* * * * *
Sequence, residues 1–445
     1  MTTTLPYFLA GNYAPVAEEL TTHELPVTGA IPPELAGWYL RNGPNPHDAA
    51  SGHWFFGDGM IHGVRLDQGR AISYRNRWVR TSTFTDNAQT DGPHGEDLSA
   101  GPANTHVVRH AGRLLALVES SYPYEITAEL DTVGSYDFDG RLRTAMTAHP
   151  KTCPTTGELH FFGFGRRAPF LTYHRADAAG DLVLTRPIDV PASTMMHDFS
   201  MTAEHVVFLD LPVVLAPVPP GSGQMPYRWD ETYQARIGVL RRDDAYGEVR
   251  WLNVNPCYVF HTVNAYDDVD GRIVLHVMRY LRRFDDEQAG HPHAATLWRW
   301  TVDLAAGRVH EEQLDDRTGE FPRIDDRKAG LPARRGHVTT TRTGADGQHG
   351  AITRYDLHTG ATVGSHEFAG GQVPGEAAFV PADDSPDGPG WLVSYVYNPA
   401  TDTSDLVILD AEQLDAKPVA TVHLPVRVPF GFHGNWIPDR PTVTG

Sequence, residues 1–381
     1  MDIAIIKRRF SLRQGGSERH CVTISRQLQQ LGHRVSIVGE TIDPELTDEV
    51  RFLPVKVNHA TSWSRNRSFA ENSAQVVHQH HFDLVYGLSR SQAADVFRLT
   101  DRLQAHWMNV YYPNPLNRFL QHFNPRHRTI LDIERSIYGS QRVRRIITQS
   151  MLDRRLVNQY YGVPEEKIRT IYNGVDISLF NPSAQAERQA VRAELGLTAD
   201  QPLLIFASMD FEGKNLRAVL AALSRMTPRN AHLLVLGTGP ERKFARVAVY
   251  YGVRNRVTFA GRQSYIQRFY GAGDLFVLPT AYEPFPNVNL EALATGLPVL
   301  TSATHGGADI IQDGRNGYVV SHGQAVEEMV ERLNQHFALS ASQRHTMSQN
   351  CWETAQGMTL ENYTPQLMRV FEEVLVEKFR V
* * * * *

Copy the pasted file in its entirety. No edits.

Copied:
Sequence, residues 1–445
     1  MTTTLPYFLA GNYAPVAEEL TTHELPVTGA IPPELAGWYL RNGPNPHDAA
    51  SGHWFFGDGM IHGVRLDQGR AISYRNRWVR TSTFTDNAQT DGPHGEDLSA
   101  GPANTHVVRH AGRLLALVES SYPYEITAEL DTVGSYDFDG RLRTAMTAHP
   151  KTCPTTGELH FFGFGRRAPF LTYHRADAAG DLVLTRPIDV PASTMMHDFS
   201  MTAEHVVFLD LPVVLAPVPP GSGQMPYRWD ETYQARIGVL RRDDAYGEVR
   251  WLNVNPCYVF HTVNAYDDVD GRIVLHVMRY LRRFDDEQAG HPHAATLWRW
   301  TVDLAAGRVH EEQLDDRTGE FPRIDDRKAG LPARRGHVTT TRTGADGQHG
   351  AITRYDLHTG ATVGSHEFAG GQVPGEAAFV PADDSPDGPG WLVSYVYNPA
   401  TDTSDLVILD AEQLDAKPVA TVHLPVRVPF GFHGNWIPDR PTVTG

Sequence, residues 1–381
     1  MDIAIIKRRF SLRQGGSERH CVTISRQLQQ LGHRVSIVGE TIDPELTDEV
    51  RFLPVKVNHA TSWSRNRSFA ENSAQVVHQH HFDLVYGLSR SQAADVFRLT
   101  DRLQAHWMNV YYPNPLNRFL QHFNPRHRTI LDIERSIYGS QRVRRIITQS
   151  MLDRRLVNQY YGVPEEKIRT IYNGVDISLF NPSAQAERQA VRAELGLTAD
   201  QPLLIFASMD FEGKNLRAVL AALSRMTPRN AHLLVLGTGP ERKFARVAVY
   251  YGVRNRVTFA GRQSYIQRFY GAGDLFVLPT AYEPFPNVNL EALATGLPVL
   301  TSATHGGADI IQDGRNGYVV SHGQAVEEMV ERLNQHFALS ASQRHTMSQN
   351  CWETAQGMTL ENYTPQLMRV FEEVLVEKFR V